I had a few exciting developments occur this week.
I am a dog who loves a bone. When I arrived here, three fresh bones were waiting for me, two made of kangaroo and one ostrich; I felt terrible for gnawing on their remains. Knowing their fate must be why they hide in pouches and bury their heads in the sand.
My parents assumed that I have a tender bite since I am short of stature and slight of head. When my parents play the hand game with me, they slap their mitts on a surface, like the bed, and I try to catch their hands with my mouth. They encourage me not to bite, but I inevitably catch a finger. Because I never break the skin, it is assumed my jaw isn't powerful. They never consider that I am smart enough not to bite the hand that feeds me.
One night this week, I was chewing on an ostrich bone in the big bed. My Dad noticed I was chewing something, and he reached into my mouth and pulled out part of the bone the size of four half dollars stacked upon one another. Daddy said, "I couldn't believe that fit in her mouth.
"That's what she said," I responded, but it did not garner a reply.
At that moment, a decision was made for me without my input which was quite upsetting—no more natural bones with pieces that can break up. If you notice an uptick in the ostrich or kangaroo population, you can thank me.
Luckily I loved wooden bones too. When I moved here, I was lucky to inherit my sisters' toys. My favorite is a Tweety Bird head I can throw in the air and chase. I also love a ratty toy with a fuzzy tail I got on my first vet trip. I love it, but I am worried about hair loss. When I chew it, the hair comes off in my teeth. Poor thing is suffering from rat pattern baldness.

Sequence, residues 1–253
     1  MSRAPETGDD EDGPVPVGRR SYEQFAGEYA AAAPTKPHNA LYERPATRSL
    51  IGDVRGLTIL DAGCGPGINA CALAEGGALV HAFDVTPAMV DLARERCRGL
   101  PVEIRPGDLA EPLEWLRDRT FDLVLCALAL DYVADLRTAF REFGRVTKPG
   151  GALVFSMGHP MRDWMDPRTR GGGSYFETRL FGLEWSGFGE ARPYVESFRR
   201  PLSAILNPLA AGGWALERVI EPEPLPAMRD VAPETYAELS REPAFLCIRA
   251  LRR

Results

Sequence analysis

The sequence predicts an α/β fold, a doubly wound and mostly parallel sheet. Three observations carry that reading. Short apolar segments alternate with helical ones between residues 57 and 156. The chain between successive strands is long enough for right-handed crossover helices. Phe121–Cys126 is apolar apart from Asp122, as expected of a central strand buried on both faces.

The wooden bones were big, and I could barely hold them, so my parents ordered two smaller ones I took to immediately. After my natural bones were tossed away, I received a pack of three new wooden bones, more significant than the small ones, but I could still hold them. They are in different shapes to keep me from getting bored, and I play with them equally. I don't bogart bones.
So, I think I have my parents trained in giving treats, feeding me, letting me sleep in the big bid, and keeping me well-stocked in bones and toys. Next is leaving me home alone; my sisters never trained them.
But my parents ain't seen nothing like me.
Keep up the good work Ruby Rose.ReplyDelete
You are one of a kind, Ruby.ReplyDelete
You really are doing a good job with their training sweet Ruby Rose. Don't get any splinters from those wooden bones!ReplyDelete
Eastside cats are right! ONE of a kind darling girl!ReplyDelete
Sounds like you are training em well!ReplyDelete
Ruby, I admit I was a bit upset to read that your had had your natural bones withdrawn, but Gail tells me it is for a good reason and I'm pleased anyway that your parents have found you an acceptable substitute. Keep up with the training - I am discovering that humans always have something new to learn.ReplyDelete
I've never had these fresh fancy bones before or wooden bones. All I ever get is stuffed bones.ReplyDelete
BOL BOL BOL They encourage me not to bite, but I inevitably catch a finger.
We think it is amazing that you had so many bones to choose from! You are one lucky pup Ruby Rose!ReplyDelete
Rosie and Redford
You're so precious, Ruby. Tell your mom to link this post of Awww Mondays, because you're most Awww worthy.ReplyDelete
Have a woof woof day and week. My best to your mom. ♥
Hi friend, that is quite a bone story! I am happy to hear that the wooden bones are an acceptable replacement!ReplyDelete
Thank you for joining the Awww Mondays Blog Hop.ReplyDelete
Have a fabulous day and week. ♥